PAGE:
Because it existed for decades as apocrypha. Because many legends surround the film. Because its score includes Eric Satie, Claude Debussy, Alexander Borodin, Igor Stravinsky, Sergei Prokofiev and César Franck. Because on multiple occasions it has been named the greatest Brazilian film of all time. And because someone described it as a "summation of 1920s silent avant garde techniques that Peixoto absorbed while in Europe" that "launches into new dimensions of synthesis that carries the viewer aloft on the feverish velocity of its inspiration [...] Peixoto practically exhausts the lexicon of silent cinematography with every shot conceivable from the era, but arranges them in a cascading visual pattern of sharp angles, deceptively vast vistas and sumptuous close-ups of worldly surfaces."
Because Coil's Peter Christopherson championed the film and helped bring it to DVD. "It's entirely through his advocacy that the BFI even found out about its existence in the first place - and everyone in BFI DVD Publishing is greatly saddened to hear that the man who was so excited about the prospect of seeing his favourite film released in a version that makes it look as good as new won't be around to witness the happy event."
Because of how it's described on the cover: "Like MAD MAX directed by Andrei Tarkovsky."
Because the book is comprised of actual letters J. Allen Boone wrote in earnest to the deceased canine film star Strongheart (whom he never even knew). And because, during a conversation with Werner Herzog, Errol Morris spoke of it like it was the Holy Grail of unknown literature.
Because I was impressed with Jayasundra's debut feature THE FORSAKEN LAND, and the stills from his second feature look to promise more of the same.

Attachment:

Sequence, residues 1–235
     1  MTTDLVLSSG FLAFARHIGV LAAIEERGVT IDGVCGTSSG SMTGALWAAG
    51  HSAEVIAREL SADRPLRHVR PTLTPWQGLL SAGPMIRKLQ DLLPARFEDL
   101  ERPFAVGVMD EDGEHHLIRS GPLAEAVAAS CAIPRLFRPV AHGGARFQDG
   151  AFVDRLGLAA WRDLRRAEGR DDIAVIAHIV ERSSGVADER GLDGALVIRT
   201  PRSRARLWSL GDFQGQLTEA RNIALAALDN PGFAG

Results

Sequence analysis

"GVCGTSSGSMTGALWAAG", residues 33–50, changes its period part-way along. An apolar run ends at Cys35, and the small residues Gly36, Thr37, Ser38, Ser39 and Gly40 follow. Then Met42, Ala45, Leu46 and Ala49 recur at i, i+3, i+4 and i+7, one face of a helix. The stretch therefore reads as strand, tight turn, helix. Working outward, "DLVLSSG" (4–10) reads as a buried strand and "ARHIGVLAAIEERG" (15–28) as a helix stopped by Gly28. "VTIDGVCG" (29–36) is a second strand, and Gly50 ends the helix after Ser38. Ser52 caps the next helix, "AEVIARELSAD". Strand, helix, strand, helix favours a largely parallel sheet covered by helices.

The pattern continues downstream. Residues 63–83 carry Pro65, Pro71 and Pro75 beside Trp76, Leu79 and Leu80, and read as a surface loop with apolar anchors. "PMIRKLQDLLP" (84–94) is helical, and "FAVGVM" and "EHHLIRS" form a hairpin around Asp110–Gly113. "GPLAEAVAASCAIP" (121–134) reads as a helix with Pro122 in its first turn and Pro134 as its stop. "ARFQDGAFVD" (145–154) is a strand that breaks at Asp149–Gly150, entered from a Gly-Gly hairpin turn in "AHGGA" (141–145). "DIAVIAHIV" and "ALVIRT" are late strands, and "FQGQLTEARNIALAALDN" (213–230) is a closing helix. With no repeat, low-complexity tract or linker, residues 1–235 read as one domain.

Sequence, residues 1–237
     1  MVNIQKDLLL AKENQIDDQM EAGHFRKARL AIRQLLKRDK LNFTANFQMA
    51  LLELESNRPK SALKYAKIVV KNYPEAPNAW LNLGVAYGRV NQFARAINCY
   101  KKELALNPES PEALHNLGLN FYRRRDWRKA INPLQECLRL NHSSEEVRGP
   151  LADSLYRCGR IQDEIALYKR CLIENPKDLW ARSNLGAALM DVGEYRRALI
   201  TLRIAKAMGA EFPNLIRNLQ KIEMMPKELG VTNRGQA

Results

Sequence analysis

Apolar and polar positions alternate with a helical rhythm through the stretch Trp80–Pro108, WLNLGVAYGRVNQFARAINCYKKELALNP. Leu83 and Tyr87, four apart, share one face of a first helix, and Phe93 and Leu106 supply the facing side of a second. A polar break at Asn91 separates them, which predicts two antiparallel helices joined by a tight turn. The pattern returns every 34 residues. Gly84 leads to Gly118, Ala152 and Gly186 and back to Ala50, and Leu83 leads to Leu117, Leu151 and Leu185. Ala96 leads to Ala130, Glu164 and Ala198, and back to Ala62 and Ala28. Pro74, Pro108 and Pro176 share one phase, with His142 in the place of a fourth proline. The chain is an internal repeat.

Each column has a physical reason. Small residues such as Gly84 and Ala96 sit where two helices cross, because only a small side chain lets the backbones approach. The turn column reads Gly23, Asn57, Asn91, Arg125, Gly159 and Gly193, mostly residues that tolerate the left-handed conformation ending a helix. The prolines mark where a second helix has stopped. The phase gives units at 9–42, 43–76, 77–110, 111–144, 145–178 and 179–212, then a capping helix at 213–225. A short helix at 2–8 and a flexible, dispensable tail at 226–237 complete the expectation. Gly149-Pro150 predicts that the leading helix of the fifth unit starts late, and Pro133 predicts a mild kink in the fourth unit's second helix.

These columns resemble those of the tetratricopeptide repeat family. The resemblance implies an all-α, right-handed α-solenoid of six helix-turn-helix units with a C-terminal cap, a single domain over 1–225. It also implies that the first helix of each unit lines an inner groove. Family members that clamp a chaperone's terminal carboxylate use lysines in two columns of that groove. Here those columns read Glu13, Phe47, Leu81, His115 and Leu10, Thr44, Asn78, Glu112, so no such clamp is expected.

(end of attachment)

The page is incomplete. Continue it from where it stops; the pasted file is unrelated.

Because I am interested in The Vienna Actionists. And because I want to learn more about Otto Muehl's mysterious Friedrichshof commune.
Because of all the (overblown?) it has received.
Because its a documentary about Francesca Woodman and .
Because it's a German cult film featuring William S. Burroughs, Genesis P-Orridge, F.M. Einheit (Einsturzende Neubauten), and Christiane F.
Because after the hundreds of various Latin American writers Bolaño drops throughout The Savage Detectives, one begins to get very curious (and excited)...
Because I think it will be a lot like Michael Glawogger's powerful WORKINGMAN'S DEATH.
Because, throughout various letters, Bukowski showed himself to be an insightful and intelligent conversational critic, and I'm very curious what he said when pressed to write something more formal. And because I like his quick, lightning summations: "Artaud wrote the iron line, like reaming fire through cement."
Because "Surfbeat" and "Iron Curtain" can't possibly be a bad combination.
Because of how someone described it: "This little known German film by Iranian director Sohrab Shahid-Saless has been compared by critics to Pasolini's Salò. And with a reason: It's just as claustrophobic, brutal and controversial. But it can't be ignored that Utopia actually shares more common ground with Sartre's No Exit. If there's one sentence that perfectly sums up the film's main concerns, it's without a doubt: 'Hell is other people.'"
Because it's a short film about the Berlin wall told from the POV of rabbits. And because the trailer looks promising.
Because the cast includes: Nick Cave, Nina Hagen, Blixa Bargeld, Dieter Meier, Lene Lovich, Gudrun Gut, and Kazuo Ohno.
Because I still haven't seen anything by Patricio Guzmán. Because it's a documentary about the Atacama desert, a place where scientists created the biggest telescopes in the world to peer into the sky at night. And because, during the day, women search the Atacama for buried political prisoners who were murdered by Pinochet. "I wish the telescopes didn't just look into the sky, but could also see through the earth so that we could find them."
Because even though this is probably terrible, sometimes I find it hard to resist watching something that promises to be so bizarre.
Because of those images! And because two people whose opinion I trust said it was very good.
Because in it the author wrote: "A book is a mirror: if an ape looks into it an apostle is unlikely to look out!"